We know that the Mercedes-AMG's chassis is mostly aluminum and that it's also 5.9 inches shorter for added lightness. It also abandoned the SLS's awesome but rather heavy gullwing doors. All that equals to a weight of 3,395 pounds. That's still not 440 pounds lighter than an SLS, but that's as far as it goes.
Bloomberg is also saying that the Mercedes-AMG GT's European base price (for the 456 horsepower version) is close 100,000 Euros. In U.S. American Freedom Dollars that's $129,000, but let's look at comparable cars. The Jaguar F-Type R's European base price also happens to be 103,700 Euros. Yet, the Jag costs $99,000 in the land of the free.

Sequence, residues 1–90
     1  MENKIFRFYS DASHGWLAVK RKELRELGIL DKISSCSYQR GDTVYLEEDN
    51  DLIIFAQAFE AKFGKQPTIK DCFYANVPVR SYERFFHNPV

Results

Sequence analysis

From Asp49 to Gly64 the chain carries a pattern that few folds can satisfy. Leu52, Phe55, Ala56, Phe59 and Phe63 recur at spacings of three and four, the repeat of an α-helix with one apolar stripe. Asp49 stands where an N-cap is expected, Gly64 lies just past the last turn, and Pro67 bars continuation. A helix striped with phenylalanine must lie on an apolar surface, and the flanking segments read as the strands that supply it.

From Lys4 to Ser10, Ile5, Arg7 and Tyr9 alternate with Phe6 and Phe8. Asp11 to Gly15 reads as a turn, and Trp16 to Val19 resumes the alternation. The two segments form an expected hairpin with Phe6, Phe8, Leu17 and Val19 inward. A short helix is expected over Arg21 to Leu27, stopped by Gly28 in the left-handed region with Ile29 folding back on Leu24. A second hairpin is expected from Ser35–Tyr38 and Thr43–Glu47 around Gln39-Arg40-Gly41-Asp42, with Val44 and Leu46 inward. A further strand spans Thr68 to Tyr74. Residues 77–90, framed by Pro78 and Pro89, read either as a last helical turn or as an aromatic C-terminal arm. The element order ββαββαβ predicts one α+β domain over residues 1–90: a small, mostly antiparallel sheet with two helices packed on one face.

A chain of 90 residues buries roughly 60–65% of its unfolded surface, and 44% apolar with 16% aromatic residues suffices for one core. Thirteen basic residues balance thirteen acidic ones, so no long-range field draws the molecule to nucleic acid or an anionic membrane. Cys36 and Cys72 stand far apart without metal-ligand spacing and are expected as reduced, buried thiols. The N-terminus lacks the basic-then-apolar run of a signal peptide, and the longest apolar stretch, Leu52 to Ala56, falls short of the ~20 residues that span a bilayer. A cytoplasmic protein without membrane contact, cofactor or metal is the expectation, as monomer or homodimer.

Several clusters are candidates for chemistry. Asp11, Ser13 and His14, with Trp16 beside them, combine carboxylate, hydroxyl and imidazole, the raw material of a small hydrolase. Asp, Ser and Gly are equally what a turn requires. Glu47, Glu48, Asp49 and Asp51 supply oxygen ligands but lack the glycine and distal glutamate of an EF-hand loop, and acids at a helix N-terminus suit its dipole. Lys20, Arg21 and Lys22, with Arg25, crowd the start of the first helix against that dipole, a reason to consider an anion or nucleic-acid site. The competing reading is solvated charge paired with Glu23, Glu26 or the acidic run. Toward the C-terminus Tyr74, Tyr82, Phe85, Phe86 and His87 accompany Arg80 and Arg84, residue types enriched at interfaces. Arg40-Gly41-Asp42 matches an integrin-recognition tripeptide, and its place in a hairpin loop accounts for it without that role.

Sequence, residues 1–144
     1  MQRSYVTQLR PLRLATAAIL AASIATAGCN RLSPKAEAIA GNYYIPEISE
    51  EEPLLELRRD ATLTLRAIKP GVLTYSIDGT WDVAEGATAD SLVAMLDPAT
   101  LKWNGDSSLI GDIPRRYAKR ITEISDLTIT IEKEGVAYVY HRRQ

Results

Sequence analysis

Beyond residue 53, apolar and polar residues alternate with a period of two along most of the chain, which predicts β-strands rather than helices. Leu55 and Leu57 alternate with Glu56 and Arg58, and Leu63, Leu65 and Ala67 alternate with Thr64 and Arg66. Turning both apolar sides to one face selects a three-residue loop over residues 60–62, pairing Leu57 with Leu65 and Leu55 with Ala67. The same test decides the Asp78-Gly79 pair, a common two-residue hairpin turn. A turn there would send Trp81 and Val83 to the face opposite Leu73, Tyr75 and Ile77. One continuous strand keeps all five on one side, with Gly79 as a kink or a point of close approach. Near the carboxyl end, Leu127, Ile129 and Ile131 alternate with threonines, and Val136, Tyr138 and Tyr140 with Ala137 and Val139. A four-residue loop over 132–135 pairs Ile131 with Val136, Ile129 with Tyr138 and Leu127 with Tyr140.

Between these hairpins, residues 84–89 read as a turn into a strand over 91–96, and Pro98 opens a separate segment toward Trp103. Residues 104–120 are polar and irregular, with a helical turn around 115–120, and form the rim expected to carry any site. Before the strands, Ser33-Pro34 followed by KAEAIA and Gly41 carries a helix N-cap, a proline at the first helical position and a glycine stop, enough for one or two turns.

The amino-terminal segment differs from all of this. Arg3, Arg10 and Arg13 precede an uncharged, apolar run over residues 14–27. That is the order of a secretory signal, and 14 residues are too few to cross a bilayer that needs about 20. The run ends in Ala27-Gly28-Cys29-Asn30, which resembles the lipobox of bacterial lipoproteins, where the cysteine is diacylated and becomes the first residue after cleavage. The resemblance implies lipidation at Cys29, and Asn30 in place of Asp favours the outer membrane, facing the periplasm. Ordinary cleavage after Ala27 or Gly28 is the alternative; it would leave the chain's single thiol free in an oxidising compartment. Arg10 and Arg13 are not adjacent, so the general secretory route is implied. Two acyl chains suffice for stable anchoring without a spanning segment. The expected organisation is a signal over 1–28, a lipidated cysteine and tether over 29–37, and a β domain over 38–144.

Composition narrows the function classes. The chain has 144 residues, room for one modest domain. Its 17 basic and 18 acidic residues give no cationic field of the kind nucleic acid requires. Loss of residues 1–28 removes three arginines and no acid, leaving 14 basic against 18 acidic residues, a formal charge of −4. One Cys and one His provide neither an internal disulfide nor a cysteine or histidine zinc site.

In the U.S. we tend to get cars at a nice discount compared to the heavily-taxed Europeans and it's reasonable to expect the Mercedes will follow suit.
If this logic holds that means the 503 hp GT S will cost more than the 550 hp Jaguar, but still significantly less than a 520 hp Porsche 911 Turbo, which starts at $151,100.
Deal, or no deal?